Members of the New Jersey church where Whitney Houston grew up and sang as a child remembered the legendary music artist on Sunday for her longtime membership and service. The Rev. Jesse Jackson, who also visited the church, said he was "traumatized" by her sudden death.
"The family shared Whitney with the world, but Whitney was a mother, a daughter, and a sister, and that's the focus we want to keep in front of everyone today," Pastor Joe Carter told reporters who had gathered at New Hope Baptist Church in Newark, N.J., early Sunday morning as the first and only-for-members service was about to begin.
The 48-year-old singer and actor reportedly died in a bathtub at the Beverly Hilton Hotel, Calif., Saturday. The cause of her death may not be known until weeks later as toxicology results are awaited and an investigation is pending. But relatives of the singer told TMZ.com that prescription drugs and alcohol might have been the cause.
Shawn Cooper, a 32-year-old member of the New Hope church, told The Associated Press that although he hadn't been coming to church regularly, he felt "I should be here today because this is a time for the community to come together."
"The Houston family means a lot to this community, they have done a lot for this community, and being there for them is the best thing we can do as a community today."
Charice Crawford, a fan of the six-time Grammy winner, also came to the church from Irvington although she is not a member. "This is where I needed to be this morning," she said. "I understand why I couldn't attend the service, but being here helps ease the grief of her passing." Houston would have performed at a pre-Grammy party at the hotel had she not died Saturday.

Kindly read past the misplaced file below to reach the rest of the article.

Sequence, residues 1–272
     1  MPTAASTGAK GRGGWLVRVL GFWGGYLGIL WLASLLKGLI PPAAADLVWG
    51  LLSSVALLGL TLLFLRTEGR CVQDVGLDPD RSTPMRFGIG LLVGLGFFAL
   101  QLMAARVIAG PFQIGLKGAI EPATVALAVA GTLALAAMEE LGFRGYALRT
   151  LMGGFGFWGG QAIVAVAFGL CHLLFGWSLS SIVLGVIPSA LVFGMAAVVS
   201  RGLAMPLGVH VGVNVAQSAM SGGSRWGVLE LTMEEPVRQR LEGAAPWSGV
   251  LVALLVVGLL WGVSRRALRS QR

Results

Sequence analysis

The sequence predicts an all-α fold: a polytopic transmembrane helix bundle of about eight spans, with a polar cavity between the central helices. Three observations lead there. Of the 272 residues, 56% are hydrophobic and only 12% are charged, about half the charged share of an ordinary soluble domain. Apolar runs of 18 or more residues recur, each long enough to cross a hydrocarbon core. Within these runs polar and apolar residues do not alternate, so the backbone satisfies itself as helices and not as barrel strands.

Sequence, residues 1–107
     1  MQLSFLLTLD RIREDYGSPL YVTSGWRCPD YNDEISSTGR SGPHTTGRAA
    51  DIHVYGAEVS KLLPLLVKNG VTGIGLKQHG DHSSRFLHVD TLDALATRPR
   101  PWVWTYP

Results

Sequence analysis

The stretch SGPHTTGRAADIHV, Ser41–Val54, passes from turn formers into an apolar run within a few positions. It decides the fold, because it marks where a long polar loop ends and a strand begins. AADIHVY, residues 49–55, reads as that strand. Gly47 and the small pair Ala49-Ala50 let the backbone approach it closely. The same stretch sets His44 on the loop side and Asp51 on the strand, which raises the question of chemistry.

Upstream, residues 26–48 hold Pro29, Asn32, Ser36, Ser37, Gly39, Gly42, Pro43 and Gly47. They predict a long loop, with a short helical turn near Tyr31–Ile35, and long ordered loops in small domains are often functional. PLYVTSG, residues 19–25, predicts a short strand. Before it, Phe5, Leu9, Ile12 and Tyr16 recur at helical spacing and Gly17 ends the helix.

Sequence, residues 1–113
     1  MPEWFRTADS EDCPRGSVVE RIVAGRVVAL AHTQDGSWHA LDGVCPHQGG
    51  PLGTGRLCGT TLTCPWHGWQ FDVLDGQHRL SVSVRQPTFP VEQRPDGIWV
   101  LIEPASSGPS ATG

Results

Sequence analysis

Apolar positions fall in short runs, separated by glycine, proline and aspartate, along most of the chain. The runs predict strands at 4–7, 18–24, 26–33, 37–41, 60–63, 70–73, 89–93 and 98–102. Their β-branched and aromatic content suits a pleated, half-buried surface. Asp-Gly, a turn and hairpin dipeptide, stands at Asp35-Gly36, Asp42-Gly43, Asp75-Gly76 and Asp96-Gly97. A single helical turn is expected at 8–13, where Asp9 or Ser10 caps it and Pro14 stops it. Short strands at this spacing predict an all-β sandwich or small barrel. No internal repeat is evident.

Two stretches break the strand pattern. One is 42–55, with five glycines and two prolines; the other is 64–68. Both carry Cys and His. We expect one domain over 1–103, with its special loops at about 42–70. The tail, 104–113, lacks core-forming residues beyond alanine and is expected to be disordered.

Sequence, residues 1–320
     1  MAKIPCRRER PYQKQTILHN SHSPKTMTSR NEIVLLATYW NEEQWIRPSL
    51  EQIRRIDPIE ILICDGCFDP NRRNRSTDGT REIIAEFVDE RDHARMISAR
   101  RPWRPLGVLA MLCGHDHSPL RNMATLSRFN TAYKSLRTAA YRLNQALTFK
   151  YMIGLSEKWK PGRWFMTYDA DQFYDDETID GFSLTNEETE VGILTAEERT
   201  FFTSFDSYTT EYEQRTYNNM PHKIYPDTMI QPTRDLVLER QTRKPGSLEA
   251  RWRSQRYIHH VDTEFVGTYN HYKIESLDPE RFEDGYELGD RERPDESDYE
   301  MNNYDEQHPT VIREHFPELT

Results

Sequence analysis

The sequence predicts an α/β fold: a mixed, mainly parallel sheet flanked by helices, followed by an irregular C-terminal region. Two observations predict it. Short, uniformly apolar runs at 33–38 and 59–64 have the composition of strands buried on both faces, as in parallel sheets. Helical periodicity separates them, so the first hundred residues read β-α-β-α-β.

Later on Sunday, civil rights activist and Baptist minister Jesse Jackson came to the church, and said Houston's death "traumatized" him. "Before we could adjust to ["Soul Train" show host Don Cornelius' death], the news broke last night about Whitney," he said. "The two announcements had a devastating impact."
Jackson also recalled that Houston performed and grew up "in this wonderful church," which was involved in America's civil rights struggle. By the age of 11, Houston started performing in the junior gospel choir at the New Hope church, and amazed the congregation with her first solo performance which was a rendition of "Guide Me, O Thou Great Jehovah."
Bishop T.D. Jakes also mourned Houston's death during the worship service at the Potter's House megachurch in Dallas, Texas, Sunday. "Many of you have heard the shocking news about Whitney Houston. I share the shock and was deeply stunned. I'm going to ask the church to reach out in prayer for her family," he said, according to the Examiner.
New Jersey Gov. Chris Christie also expressed shock, saying, "Her terribly premature death is an awful loss for her family and the incredible New Jersey musical family. Her soaring talent put her in the pantheon of great New Jersey musical talents like Frank Sinatra, Count Basie and Bruce Springsteen. Our prayers are with her family."
Houston was born in a neighborhood of Newark, and was the third and youngest child of entertainment executive John Russell Houston, Jr., and gospel singer Cissy Houston. She was raised a Baptist, but also attended a Pentecostal church during a period of her growing up.
Houston was cited in the Guinness World Records in 2009 as the most-awarded female artist of all time. Among the 415 career awards she won were two Emmy Awards, six Grammy Awards, 30 Billboard Music Awards, and 22 American Music Awards. Some of her best known hits include: "How Will I Know," "Saving All My Love for You" and "I Will Always Love You."
Houston, whose career peaked in the 1980s and the 1990s, suffered from drug abuse and her career declined dramatically following years of success and number 1 hits.